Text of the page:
Egyptian Fayoumis info

Discussion in 'General breed discussions & FAQ' started by jackrooster, Mar 28, 2010.

  1. jackrooster

    jackrooster Chillin' With My Peeps

    Jan 17, 2010
    Can some one tell me some info on Egyptian Fayoumis?...........this breed really interest me, im thinking about ordering a bunch. just any info on this bird would be great thnks
  2. houndit

    houndit There is no H or F in Orpington!

    Jul 13, 2008
    Braymer Missouri
  3. DTchickens

    DTchickens Overrun With Chickens

    Mar 23, 2008
    Bailey, Mississippi.
    "The Egyptian Fayoumi (or simply Fayoumi, or Bigawi) is a a very old and rare breed originating from Fayoum Egypt. They were kept along the West Nile river primarily as a egg layer, and were imported to the US around the 1940s by an Iowa State University Dean of Agriculture. They are a very alert, graceful, and active breed. And are independent as well as very good foragers, though if not handled regularly they can become quite wild. They're are a fast maturing breed with cockerels crowing as early as six weeks of age and pullets laying by three and a half or four months.

    They lay a medium sized white egg and are a small breed with cocks being around 4.5 pounds and hens 3.5. Hens will go broody but it may take as long as two years before they attempt though some will as soon as they begin laying. They're moderately tolerant of other birds, but they can and will be aggressive to new comers. They're hardy and are said to be very resistant to viral and bacterial infections.

    They appear in a single variety: in roosters, the plumage is silver-white on the head, neck, back and saddle, with the rest in a black and white barring. Hens have heads and necks in the silver-white hue, with the rest barred. Fayoumis have a single comb, earlobes, and wattles are red and moderately large, with a white spot in the earlobes. They have dark horn colored beaks, they may have willow green or slate blue legs. Their appearance is remarkably similar to the Silver variety of the Campine breed. The neck is quite long and they have a very high tail carriage. They're not recognized by the American Poultry Association but are by the British Standards.

    Information i found/wrote for the Ultimatefowl wiki. If anyone sees anything that could be added/is wrong feel free to let me know by the way [​IMG]. I tried my best to find all the info you can both in books and the net, there isn't much.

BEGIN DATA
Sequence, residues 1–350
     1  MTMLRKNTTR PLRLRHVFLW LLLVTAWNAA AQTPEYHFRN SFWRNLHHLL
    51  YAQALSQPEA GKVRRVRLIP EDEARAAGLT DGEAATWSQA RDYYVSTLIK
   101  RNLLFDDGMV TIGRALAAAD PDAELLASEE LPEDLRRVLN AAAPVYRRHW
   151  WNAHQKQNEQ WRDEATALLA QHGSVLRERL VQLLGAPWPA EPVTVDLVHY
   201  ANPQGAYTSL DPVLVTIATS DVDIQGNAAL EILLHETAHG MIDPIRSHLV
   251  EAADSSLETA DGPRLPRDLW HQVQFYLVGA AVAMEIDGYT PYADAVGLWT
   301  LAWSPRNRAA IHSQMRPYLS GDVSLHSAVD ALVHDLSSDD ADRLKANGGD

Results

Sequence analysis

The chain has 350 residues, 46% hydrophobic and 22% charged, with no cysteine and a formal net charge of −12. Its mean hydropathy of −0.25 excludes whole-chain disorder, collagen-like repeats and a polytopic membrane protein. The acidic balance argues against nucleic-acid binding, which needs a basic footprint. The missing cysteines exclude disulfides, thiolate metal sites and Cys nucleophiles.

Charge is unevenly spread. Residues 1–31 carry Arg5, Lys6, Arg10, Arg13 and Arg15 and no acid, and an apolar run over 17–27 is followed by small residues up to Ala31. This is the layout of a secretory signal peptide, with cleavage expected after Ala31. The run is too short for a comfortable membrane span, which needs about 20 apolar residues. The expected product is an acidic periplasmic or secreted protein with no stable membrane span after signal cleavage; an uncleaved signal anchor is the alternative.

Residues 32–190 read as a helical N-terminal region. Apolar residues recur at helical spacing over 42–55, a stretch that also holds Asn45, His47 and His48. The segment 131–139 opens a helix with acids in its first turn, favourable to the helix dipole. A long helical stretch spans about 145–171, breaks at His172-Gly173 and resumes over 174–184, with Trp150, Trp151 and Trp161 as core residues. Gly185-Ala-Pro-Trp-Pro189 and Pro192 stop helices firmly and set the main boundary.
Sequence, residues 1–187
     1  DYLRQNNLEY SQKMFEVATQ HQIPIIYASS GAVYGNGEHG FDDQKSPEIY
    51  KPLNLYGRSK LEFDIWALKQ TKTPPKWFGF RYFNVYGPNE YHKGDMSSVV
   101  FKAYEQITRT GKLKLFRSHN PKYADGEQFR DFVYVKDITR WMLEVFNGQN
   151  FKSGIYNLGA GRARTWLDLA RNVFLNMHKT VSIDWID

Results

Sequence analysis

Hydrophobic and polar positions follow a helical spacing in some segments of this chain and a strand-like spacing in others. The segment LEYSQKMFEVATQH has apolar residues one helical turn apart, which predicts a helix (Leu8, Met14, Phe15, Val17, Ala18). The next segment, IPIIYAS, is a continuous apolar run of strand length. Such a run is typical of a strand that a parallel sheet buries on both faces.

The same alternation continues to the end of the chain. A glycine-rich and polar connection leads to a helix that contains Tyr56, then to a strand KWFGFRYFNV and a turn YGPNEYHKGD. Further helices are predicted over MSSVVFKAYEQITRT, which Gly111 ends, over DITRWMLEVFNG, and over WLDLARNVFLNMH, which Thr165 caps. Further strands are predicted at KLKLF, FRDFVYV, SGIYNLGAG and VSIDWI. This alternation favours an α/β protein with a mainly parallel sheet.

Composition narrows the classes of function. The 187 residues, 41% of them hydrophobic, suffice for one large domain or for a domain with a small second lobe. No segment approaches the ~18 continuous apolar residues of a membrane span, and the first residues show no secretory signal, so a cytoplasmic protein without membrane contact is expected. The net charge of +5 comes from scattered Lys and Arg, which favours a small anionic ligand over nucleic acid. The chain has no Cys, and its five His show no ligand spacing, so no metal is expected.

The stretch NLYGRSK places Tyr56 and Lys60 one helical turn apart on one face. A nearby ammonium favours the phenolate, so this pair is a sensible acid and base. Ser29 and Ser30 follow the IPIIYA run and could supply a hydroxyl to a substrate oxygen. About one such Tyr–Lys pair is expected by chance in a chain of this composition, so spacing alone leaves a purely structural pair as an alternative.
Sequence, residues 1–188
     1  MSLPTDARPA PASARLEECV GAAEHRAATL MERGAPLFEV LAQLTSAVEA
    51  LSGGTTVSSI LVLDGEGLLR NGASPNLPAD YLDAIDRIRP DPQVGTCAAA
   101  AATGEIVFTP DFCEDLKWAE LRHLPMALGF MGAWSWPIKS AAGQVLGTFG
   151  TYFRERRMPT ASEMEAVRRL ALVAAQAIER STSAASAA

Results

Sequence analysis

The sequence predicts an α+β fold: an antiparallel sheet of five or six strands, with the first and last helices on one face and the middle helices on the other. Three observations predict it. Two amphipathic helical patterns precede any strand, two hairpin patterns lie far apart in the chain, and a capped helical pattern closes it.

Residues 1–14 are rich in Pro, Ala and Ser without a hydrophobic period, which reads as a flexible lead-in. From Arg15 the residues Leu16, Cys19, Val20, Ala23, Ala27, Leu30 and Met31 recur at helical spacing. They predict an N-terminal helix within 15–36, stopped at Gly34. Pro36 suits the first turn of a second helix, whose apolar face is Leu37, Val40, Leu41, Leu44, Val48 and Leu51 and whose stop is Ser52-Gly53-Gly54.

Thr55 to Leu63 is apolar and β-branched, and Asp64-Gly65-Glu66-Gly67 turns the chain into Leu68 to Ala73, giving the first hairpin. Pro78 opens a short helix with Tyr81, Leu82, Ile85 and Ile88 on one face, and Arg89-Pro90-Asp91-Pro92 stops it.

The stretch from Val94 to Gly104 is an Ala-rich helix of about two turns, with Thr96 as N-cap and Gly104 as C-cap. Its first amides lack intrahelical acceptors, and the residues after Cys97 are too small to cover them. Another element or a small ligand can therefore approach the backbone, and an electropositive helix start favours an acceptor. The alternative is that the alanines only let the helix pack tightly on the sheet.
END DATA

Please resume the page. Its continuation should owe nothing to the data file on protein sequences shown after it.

Last edited: Mar 28, 2010
  4. D'Angelo N Va.

    D'Angelo N Va. Chillin' With My Peeps

    Dec 28, 2009
    Yes, exactly what he said is what I am reading about them in the Storey's guide to Poultry Breeds. It says that Iowa State Univ. has had a flock since 1940, so if you are near them or contact them, I am sure they could give you more info.
  5. Long Horn Poultry Farm

    Long Horn Poultry Farm La Fleche ~The Devil Bird

    Jan 25, 2010
    Lawrenceburg, TN
    Hi [​IMG]

    Here is some information on the Egyptian Fayoumis out of a book I have '' Poultry OF THE WORLD '' by Loyl Stromberg.

    Though there is no knowledge of their origin, there is one theory that the Fayoumi is the progeny of the Brakel or Campines of Belgium and were brought to Egypt by Napoleon. The second theory is that Fayoumi are the progeny of Asiatic chickens brought to Egypt by Senior Mohammed Ali Basha, President from the Anadol region of Turkey. He placed them in the Fayoum province. These chickens mixed with other native Egyptian fowl.

    Long Horn Poultry Farm
  6. Hillsvale

    Hillsvale Chillin' With My Peeps

    Oct 20, 2009
    Hillsvale, Nova Scotia
    I have a pair of Fayoumi's.. they are about 11 weeks now... remind me of the road runner and they are very bossy! love them
  7. Resolution

    Resolution Chillin' With My Peeps

    Fayoumi pullet photograph by Star Particle

    The Fayoumi Chicken or Bigawi , as it is known in Egypt, is one of the oldest and most enigmatic of all known chicken breeds.
    It's cultural history and origination are significant because it emerged at a crossroads in ancient human civilization.
    The region where this breed emerged is fascinating in of itself.
    The history of domestic fowl in the Fayoum Region transects somewhat with that of an indigenous ethnic group from Upper Egypt that founded Egypt's 12th Dynasty .
    The modern word used to describe the many collective tribes of this ancient people is "Bejawi", a term that has lent itself to our Fayoumi Fowl, e.g. "Bigawi".

    "I shall describe what is before me,
    I do not foretell what does not come:
    Dry is the river of Egypt,
    One crosses the water on foot;